Drive My Car

Drive My Car ★★★★★

Maybe the story ends there, or maybe it continues.

She rises from the bed, a silhouette painted against the setting sun, fiery bursts of orange emanating from the distant mountains beyond the sleek apartment window. In the soothing evening bliss, struck by potent and intoxicating inspiration, she begins to weave a narrative, the story of a young woman's disconnected relationship and pained yearning. She almost feels invisible, sitting in bemused contemplation in the shadow, the camera instead more focused on inviting the vast landscape beyond, soft bokeh turning city lights into gentle orbs as the vibrant, infinite sky extends behind it all. It's the first time she's told this story, yet it comes with flowing naturalism, a striking familiarity. Her husband, lying next to her, looks up to her with an understanding behind his melancholic eyes, a knowing sense flowing through him that maybe it's not just a simple story.

Maybe there's no such thing as a simple story. Our lives are defined by stories, by the narratives we write, the narratives we study, the narratives we tell ourselves. Formless but foundational, these stories make us who we are, ghostly apparitions that float through the mind to be plucked from at a moment's notice. As synapses fire and thoughts burst forth from our minds, the humming electricity of our existence writes the eloquent lines of our earthly narrative, a story written by a thousand others, ready to become a part of a thousand more. It's a challenging chapter in Yusuke Kafuku's story, languorous and quiet, but his small cherry red Saab keeps him moving. The shining two-door turbo is the binding of his book of life, a cover to contain all his pain, regret, and sorrow.

So he drives, one way or another a persistent way to cope with his emotional desolation and detached grief, the subject of the story staying the same as the context reshapes around it. For Kafuku the subject is Chekov's Uncle Vanya, a story he is deeply submerged within, a narrative he studies ad infinitum, a central piece of who he is. Each day, as his red Saab cruises through the city, along the countryside, or up the snowy mountains, he listens to the play, the dulcet tones of his wife's line readings emanating through the crackling speakers of the aging tape deck. It's routine, indicative of the cyclical existences we find ourselves in as truth strikes us and we're left with a slowly blurring, numbing vision of the world, struggling to reconcile with our realities.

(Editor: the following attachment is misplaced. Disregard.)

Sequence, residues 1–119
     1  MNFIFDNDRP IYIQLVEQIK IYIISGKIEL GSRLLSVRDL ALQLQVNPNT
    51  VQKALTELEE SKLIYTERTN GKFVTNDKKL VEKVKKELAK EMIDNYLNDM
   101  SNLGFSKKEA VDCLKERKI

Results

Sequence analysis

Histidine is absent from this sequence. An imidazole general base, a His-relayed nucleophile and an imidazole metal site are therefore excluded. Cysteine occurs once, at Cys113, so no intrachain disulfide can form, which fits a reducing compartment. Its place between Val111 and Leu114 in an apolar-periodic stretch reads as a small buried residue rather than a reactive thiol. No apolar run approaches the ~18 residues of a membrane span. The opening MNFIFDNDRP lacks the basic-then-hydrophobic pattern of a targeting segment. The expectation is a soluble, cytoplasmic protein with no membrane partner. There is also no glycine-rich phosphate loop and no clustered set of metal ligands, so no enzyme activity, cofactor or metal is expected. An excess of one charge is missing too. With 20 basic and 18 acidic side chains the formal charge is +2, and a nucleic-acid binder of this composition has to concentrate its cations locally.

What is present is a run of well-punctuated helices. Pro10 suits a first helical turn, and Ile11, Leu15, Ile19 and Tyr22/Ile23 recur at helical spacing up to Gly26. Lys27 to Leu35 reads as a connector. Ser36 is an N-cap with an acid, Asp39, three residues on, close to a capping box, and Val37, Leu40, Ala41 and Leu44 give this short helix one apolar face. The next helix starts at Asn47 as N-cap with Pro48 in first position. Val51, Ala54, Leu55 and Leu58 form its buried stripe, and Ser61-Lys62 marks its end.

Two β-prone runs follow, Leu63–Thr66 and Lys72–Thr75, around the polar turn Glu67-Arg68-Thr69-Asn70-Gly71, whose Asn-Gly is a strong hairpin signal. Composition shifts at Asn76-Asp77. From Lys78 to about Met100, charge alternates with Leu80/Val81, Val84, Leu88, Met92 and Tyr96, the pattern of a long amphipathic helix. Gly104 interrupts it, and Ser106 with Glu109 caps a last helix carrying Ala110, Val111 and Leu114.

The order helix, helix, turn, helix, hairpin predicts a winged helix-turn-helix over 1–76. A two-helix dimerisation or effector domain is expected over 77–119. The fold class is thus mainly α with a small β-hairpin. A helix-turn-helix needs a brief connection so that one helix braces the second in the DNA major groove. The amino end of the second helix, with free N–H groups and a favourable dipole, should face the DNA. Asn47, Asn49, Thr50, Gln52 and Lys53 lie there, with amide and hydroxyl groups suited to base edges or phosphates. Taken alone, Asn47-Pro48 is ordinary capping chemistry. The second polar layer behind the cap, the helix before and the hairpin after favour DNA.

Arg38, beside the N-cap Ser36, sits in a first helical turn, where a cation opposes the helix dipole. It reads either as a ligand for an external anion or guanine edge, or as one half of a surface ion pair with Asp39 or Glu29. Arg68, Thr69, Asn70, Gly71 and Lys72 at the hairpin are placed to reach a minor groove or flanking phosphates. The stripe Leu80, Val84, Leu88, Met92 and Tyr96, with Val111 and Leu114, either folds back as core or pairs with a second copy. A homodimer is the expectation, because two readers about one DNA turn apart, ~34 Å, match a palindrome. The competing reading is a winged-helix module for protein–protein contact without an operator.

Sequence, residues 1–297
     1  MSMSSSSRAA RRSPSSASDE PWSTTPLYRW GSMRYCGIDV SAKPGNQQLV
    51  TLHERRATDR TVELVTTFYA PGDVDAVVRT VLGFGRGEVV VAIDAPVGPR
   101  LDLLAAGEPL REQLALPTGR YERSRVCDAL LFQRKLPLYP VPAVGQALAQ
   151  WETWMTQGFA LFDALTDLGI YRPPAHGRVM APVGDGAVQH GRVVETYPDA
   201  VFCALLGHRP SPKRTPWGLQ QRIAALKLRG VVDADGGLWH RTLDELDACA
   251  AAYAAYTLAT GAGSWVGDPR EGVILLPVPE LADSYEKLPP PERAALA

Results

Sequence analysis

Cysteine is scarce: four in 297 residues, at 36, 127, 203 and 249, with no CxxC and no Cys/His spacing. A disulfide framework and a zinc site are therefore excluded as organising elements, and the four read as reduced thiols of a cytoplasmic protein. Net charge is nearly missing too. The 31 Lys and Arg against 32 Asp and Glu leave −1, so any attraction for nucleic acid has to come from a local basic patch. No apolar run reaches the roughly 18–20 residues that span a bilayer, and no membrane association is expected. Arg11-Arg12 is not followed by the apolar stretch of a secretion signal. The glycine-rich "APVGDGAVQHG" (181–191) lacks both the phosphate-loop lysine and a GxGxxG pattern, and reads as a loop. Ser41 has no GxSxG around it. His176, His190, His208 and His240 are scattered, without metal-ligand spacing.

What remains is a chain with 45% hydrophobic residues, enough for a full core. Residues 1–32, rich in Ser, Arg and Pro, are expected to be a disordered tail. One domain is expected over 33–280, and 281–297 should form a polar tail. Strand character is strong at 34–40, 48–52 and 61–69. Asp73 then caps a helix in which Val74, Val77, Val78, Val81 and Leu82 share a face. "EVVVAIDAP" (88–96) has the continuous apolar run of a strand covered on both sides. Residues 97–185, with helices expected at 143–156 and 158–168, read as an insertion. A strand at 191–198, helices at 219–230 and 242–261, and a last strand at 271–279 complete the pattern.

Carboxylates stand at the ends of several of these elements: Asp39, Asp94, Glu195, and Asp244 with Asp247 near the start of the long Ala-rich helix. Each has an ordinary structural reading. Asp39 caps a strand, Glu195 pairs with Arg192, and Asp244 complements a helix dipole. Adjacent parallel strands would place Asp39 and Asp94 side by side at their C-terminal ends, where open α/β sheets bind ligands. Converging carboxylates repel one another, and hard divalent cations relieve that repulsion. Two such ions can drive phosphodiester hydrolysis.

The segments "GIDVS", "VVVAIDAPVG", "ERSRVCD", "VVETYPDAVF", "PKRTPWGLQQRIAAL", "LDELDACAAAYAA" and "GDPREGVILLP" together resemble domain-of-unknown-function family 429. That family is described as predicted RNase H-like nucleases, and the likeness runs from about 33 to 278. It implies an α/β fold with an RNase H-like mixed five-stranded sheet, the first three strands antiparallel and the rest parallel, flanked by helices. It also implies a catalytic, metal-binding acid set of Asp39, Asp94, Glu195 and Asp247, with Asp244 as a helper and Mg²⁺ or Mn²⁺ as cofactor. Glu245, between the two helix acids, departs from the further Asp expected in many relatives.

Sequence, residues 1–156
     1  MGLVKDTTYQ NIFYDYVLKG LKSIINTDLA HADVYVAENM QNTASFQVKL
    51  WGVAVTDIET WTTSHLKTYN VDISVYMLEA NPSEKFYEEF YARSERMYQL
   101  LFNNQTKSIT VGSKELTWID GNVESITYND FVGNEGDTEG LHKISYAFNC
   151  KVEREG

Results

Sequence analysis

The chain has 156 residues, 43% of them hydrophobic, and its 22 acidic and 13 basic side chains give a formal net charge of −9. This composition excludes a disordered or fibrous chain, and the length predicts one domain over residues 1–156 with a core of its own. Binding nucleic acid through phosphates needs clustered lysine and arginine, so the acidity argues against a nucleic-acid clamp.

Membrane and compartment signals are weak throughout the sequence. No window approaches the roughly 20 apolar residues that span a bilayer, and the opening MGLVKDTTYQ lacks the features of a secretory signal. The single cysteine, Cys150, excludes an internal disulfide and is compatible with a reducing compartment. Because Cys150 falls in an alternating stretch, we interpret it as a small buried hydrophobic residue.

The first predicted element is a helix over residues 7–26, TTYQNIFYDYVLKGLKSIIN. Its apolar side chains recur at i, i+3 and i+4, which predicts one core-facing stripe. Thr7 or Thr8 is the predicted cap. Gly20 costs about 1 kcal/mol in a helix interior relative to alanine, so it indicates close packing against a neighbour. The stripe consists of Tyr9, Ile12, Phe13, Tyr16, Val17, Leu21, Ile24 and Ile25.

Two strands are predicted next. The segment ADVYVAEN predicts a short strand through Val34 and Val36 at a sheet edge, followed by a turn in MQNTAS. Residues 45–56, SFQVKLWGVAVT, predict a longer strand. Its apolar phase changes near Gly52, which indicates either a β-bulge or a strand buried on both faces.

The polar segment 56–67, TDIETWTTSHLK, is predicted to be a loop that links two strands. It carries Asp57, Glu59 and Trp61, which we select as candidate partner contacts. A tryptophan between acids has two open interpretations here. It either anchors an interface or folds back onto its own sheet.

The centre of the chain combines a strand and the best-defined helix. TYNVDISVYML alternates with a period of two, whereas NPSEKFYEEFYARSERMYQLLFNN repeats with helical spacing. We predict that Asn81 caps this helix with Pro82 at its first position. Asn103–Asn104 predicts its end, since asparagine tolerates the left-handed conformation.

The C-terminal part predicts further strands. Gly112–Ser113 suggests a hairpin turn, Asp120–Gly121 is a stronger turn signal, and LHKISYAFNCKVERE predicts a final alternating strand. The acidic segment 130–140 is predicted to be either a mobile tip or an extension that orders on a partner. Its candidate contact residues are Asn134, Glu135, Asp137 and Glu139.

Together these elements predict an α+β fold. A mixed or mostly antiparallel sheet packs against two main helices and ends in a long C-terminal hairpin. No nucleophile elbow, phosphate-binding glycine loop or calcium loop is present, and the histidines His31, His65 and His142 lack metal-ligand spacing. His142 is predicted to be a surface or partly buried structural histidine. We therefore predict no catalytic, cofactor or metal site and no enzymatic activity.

He drives and he listens, a once eager voice conversing with the tape as Vanya slowly fading into a vacant struggle. The play, once important to him because of its overwhelmingly evocative prose, he can no longer bear, the truth it can extract from him too difficult to face. For now, he is complacent with letting himself slowly drown in the effusive weight of it all, but the automobile continues to hum quietly down the highway, ready to write more of his story. Our stories are a part of us, intrinsically and inescapably so, but it is up to us which of those stories define us, and to share with and confide in others allows us to know that our stories need not exist alone in the infinite cosmos.

Sometimes we need someone else to drive our car. Proverbially or perhaps literally, though more often it is the simple act of allowing the stories of others into ourselves, and being open to facing the truth those stories may drag out of us. Pain, guilt, regret, sorrow, it's a part of all of us, and these words and what surrounds them will float through our minds as we float through our existence, but we are capable of moving beyond them, moving forward, towards a hopeful, endless horizon.

And then at last, we shall rest.

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